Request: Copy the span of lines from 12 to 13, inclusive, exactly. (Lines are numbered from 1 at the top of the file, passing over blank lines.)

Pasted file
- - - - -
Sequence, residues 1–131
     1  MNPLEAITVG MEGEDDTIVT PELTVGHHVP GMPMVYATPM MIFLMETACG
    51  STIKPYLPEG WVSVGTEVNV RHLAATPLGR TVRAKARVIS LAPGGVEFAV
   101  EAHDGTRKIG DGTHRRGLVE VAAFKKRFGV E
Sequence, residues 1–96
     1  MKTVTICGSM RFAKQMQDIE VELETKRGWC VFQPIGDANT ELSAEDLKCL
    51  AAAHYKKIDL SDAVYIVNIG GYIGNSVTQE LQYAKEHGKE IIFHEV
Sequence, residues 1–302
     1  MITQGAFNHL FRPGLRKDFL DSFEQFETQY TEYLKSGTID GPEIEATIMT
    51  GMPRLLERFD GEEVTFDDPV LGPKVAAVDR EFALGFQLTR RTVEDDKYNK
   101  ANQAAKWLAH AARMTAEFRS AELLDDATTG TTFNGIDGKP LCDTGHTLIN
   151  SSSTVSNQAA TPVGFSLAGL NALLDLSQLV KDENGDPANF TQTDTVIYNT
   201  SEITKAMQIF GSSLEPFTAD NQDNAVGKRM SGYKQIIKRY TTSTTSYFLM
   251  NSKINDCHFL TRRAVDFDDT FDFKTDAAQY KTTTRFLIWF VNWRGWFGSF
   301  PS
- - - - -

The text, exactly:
   151  SSSTVSNQAA TPVGFSLAGL NALLDLSQLV KDENGDPANF TQTDTVIYNT
   201  SEITKAMQIF GSSLEPFTAD NQDNAVGKRM SGYKQIIKRY TTSTTSYFLM